In 2015, Flint pediatrician Dr. Mona Hanna-Attisha tested blood lead levels in her patients after being notified of possible lead poisoning in the city’s water supply. She discovered that many of the children’s blood lead levels had doubled, and even tripled in some cases, after the city switched its water source from the Great Lakes Water Authority to the Flint River. She was initially dismissed and discredited by city, state and federal government officials when she released her findings. But by going public with the information, Hanna-Attisha helped to contain the damaging heath consequences of the Flint water crisis.

Yesterday (February 11), M Live and published an opinion piece penned by Hanna-Attisha that details why another water crisis could happen as a result of state-mandated environmental policies. She believes that the residents of Flint must have the support of the government to avoid future catastrophe:

When the citizens of the majority African-American city rose up against the filthy drinking water, their concerns were ignored by an apathetic state government. Each investigation into the crisis, including former Governor Rick Snyder’s own task force and the one done by the Michigan Department of Civil Rights, pointed to race as a leading factor in the perfect storm of neglect that caused failure on all fronts—to act, to protect, to fix, to be responsible and accountable—even after officials clearly saw the scope of the problem.

In November, Michigan elected a new governor, Gretchen Whitmer, whom Hanna-Attisha believes can make a positive difference in the state:

Governor Gretchen Whitmer has proven that she has learned some valuable lessons from Flint. Her first executive directive was to require state civil servants to immediately report imminent threats to public health and safety, like contaminated drinking water, to their department directors.

On February 4, she signed another executive order that will address some key factors that led to the Flint Water Crisis—and prevent another such tragedy from occurring. The order will reorganize the Department of Environmental Quality and dissolve industry-led environmental rule review panels.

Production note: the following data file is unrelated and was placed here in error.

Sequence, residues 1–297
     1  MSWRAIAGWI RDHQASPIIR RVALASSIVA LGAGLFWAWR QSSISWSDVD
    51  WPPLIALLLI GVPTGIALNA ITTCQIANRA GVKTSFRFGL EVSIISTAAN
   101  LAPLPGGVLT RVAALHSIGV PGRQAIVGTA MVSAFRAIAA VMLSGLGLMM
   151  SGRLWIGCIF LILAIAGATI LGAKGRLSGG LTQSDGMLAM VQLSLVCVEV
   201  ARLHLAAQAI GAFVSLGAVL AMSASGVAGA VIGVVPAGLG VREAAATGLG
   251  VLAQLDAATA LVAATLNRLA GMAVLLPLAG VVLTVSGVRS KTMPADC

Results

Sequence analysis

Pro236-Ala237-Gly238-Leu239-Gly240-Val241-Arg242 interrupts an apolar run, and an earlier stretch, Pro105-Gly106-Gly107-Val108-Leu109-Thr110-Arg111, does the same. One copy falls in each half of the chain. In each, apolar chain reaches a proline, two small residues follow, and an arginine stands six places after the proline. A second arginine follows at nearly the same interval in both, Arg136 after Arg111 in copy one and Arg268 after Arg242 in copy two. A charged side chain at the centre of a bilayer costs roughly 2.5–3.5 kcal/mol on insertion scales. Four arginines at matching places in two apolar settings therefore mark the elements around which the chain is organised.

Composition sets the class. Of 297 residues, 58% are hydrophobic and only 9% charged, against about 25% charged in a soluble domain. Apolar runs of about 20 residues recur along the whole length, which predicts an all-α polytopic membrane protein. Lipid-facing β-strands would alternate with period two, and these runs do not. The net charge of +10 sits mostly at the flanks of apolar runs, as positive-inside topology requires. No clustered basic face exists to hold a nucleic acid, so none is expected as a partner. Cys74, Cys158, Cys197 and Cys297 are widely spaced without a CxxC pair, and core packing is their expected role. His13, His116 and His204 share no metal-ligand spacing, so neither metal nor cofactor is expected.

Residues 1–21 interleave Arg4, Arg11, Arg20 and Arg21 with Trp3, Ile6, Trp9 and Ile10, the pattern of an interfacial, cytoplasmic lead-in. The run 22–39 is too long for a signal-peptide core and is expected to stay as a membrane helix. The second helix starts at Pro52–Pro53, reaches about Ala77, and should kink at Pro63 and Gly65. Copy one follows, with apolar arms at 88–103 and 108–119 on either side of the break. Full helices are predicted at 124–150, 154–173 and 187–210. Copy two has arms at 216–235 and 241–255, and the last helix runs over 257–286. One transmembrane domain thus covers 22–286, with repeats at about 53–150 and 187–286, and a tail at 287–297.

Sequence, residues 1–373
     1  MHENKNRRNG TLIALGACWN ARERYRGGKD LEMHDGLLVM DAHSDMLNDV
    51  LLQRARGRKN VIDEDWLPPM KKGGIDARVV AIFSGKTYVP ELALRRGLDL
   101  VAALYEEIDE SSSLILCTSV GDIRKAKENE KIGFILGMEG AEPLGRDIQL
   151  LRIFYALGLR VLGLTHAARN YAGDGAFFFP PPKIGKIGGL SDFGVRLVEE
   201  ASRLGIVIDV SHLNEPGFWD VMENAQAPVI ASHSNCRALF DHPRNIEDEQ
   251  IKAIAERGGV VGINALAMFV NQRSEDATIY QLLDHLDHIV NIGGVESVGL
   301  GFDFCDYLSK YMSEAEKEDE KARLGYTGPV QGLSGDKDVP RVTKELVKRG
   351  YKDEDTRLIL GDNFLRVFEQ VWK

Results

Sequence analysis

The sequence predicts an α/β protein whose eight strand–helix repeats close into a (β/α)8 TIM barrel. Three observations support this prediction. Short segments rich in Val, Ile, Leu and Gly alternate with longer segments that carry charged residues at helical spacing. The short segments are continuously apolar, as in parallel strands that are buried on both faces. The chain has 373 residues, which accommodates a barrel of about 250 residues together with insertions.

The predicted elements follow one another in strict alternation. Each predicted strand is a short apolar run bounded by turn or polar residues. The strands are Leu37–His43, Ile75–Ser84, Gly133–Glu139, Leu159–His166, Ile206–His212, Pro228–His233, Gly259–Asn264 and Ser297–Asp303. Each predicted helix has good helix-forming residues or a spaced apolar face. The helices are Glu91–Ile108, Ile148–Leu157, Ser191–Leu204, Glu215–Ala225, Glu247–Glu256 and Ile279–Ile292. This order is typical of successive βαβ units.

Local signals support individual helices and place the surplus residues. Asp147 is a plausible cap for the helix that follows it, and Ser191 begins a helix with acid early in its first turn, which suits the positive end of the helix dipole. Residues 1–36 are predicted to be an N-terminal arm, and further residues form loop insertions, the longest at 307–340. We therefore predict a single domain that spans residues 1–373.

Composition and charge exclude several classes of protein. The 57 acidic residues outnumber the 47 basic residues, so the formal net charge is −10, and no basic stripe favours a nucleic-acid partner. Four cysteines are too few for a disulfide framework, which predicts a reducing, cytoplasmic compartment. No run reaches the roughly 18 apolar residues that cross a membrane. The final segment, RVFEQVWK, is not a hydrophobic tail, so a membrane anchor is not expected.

Hanna-Attisha writes that this executive order “will help build a more responsive state government.” However, there are many obstacles that could impede the governor’s plans:

Public trust in leadership is pitifully low. Right now, residents of Flint and citizens across the state have given up on the idea that state government will fix their drinking water. We can’t expect that to change with a few executive orders. And why should we? Some members of the state legislature—either unable to absorb the lessons of Flint, or overeager to please their industry friends and donors—have already launched a push to roll-back Whitmer’s new executive orders. Sadly, the State House voted to override the executive order two days after it was announced. The profiteering polluters of Michigan are especially excited about making sure their industry review panels are kept in place, public health be damned.

After the Michigan House voted against her executive order, Whitmer vowed that she would still implement the policies. M Live reports that both the House and Senate must have a majority vote to keep the executive order from going into effect. To date, the Senate has not voted on it.

Hanna-Attisha sees the solution to Flint’s water crisis as a unified effort between public citizens and elected offices, all working, she writes, “to protect Michigan’s environment, and in turn, to protect our most precious Michigan resource, our children.”

Read the entire article here.